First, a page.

If you’re the type that goes for a kick-ass and spot-on fighting game, Dead or Alive 4 in Xbox 360 is positively for you. You get to sink in your teeth with a variety of powerful characters, great action, and even become addicted to its Online Mode. Let’s just say, you’ll have your hands full when you start playing Dead or Alive 4, as I and most of my mates have experienced. Dead or Alive 4 is utterly the fighting game to beat, as subsequent games for the Xbox console would most likely soon find out.

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Posted:
2019-06-12

Moderator

Super Gamer Dude

PS Vita

6.7

Jak and Daxter Trilogy on the PS3 and Vita brings some new and interesting developments to the game series'plot-line. A story-line that used to be about a happy-go-lucky kid on misadventures with his playful furry friend, has gradually taken on a much darker, more serious tone. With new industrialised environments and copious amounts of gun-play, it is hardly comparable to previous games. While some people would see this as a negative thing, many people believe that this darker spin gives the game added complexity and more room to show-off the cartoon-like, yet remarkably crisp graphics that have been associated with these games throughout the years.

Jak and Daxter: The Precursor Legacy.

Out of the the three games, Jak and Daxter: The Precursor Legacy is the one that most obviously stays true to the original games. With the classic linear quest lines and stunningly beautiful landscapes, it presents the player with the same playful yet challenging experience one would expect from the previous Jak and Daxter games. Although it is very similar to the original games, it still has new and stimulating game-play that makes it stand out from them. Playing this game is somewhat akin to a modern-day remake of the first Jak and Daxter game.

Jak 2: Renegade.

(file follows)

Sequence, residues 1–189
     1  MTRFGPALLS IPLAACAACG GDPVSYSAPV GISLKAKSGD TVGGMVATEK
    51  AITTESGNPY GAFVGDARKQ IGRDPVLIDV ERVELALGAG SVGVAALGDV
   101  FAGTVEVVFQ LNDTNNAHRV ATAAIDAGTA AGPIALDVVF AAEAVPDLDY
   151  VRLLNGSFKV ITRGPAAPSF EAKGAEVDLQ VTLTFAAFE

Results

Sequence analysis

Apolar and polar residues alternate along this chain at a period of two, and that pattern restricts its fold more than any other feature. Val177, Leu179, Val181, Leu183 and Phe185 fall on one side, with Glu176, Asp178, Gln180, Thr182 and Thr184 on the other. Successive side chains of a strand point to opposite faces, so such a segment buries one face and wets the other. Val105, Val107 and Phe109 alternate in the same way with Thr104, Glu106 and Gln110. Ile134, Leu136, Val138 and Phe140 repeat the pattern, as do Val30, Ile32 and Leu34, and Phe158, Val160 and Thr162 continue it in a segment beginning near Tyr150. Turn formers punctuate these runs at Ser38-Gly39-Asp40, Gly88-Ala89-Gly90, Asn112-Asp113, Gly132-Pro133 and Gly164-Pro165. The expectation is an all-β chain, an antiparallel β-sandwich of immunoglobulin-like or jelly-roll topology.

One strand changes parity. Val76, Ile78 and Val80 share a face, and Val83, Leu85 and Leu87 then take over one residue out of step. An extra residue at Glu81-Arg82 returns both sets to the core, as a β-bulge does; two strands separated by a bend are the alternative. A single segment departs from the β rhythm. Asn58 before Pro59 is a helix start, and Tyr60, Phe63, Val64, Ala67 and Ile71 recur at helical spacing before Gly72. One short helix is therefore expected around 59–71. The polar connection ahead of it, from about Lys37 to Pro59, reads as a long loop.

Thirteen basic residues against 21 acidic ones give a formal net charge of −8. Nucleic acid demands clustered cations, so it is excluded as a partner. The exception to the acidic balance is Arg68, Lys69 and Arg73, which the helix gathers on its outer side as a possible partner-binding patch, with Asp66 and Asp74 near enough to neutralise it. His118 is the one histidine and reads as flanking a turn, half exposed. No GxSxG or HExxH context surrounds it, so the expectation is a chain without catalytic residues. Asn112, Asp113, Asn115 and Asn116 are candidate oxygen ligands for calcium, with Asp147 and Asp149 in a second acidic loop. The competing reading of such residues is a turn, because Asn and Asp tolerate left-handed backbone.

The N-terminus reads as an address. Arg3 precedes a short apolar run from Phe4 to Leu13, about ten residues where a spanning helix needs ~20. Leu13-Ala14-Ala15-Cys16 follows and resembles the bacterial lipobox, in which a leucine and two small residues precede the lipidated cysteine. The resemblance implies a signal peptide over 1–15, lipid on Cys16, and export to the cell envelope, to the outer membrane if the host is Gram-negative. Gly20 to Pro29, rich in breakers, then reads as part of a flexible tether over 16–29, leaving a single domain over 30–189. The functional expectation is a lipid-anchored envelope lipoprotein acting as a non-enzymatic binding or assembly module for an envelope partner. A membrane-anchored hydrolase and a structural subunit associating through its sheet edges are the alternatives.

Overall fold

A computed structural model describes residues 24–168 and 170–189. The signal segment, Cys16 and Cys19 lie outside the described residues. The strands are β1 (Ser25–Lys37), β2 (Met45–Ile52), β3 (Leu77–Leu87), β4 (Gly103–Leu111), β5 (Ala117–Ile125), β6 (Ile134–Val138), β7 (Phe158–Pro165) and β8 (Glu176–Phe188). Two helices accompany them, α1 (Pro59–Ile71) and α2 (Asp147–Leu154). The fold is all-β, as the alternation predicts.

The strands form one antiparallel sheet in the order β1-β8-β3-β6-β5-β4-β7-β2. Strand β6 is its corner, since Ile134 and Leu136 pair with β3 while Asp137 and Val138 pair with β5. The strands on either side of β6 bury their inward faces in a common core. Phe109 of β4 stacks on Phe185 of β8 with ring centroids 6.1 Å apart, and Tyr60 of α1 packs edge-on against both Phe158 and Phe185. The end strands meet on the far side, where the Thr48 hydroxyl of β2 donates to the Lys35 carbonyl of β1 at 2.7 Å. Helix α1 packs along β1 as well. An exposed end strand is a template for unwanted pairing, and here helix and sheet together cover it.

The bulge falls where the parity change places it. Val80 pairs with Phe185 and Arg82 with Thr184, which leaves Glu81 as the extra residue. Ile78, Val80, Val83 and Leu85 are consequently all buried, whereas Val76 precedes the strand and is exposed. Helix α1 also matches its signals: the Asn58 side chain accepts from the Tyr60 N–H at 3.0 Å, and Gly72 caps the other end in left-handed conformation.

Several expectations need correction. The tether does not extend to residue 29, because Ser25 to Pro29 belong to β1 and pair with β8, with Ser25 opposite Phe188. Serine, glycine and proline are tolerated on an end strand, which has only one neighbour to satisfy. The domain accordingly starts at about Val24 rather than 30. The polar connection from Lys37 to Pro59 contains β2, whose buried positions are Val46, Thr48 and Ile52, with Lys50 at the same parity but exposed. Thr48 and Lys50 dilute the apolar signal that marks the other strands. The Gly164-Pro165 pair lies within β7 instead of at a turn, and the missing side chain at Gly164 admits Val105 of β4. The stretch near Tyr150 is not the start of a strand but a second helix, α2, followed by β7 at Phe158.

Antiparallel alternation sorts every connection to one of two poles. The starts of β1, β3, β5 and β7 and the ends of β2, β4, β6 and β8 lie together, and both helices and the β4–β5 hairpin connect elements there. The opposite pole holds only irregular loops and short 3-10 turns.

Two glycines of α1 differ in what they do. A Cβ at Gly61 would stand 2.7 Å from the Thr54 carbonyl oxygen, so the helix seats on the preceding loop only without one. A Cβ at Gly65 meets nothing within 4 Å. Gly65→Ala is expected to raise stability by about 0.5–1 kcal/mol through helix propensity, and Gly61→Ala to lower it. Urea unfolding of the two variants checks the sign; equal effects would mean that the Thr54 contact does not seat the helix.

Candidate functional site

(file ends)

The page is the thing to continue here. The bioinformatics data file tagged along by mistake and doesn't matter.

In a somewhat drastic shift, Jak 2 Renegade ushers in the more modern era of the Jak and Daxter games. The colourful forest landscapes become an industrial metropolis. Our protangonist experience a similar change, our cheery boy has grown into a bearded, gun-slinging hero. While Jak and Daxter still maintain their playful banter through-out the games, it seems as though the playful nature of the game has to certain degree been lost. The game-play experience also changes to include new features such as vehicles, racing, and a surprising amount of variation compared to previous games. The game's new found diversity comes at the cost of making it significantly more difficult, but just as much fun to play.

Jak 3.

Jak 3 strikes a new balance between new and old by incorporating the new dark theme of the series with barren wasteland dessert maps, and by easing up on Jak's gruff attitude by making him slightly more lighthearted. It also adds more to the game-play than Jak 1 and 2 did by making it a fast paced game not solely for the sake of difficultly, but to include more content. While the game still doesn't completely stray from it's roots, it does introduce a new manner of getting ammo that finalises the new darker aspects of the game, killing innocent civilians. While this is a part of many games, it represents a final close to the cheerful tone that used to define Jak and Daxter.

While the trilogy may not be classic Jak and Daxter, they do bring a new promise of evolution to a series which has a lot of potential. Even with the changes, the games remain just as entertaining, if not more so.

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Posted:
2019-10-14

Moderator

Super Gamer Dude

PC Games

7.0

Sid Meier's Civilization V is the fourth installment of Sid Meier's popular game series. In this game, the players are encouraged to build an empire from scarce resources in different places on the map. A standard game begins at the turn of 4000 BC with a settler who became the founder of a city. Onwards, the player expands the city by creating structures, developing allegiances with neighboring cities or making enemies out of them. Here, the player has also to consider geography to expand resources and to develop scientific or cultural improvements to upgrade one's timeline. The winner will come from one of the following scenarios: the first to land at the Alpha Centauri star system; the one who is declared as the world leader; the one who conquers all other empires; or one who has control of the super majority of the population. These goals must be reached before the game ends at the year 2050 AD.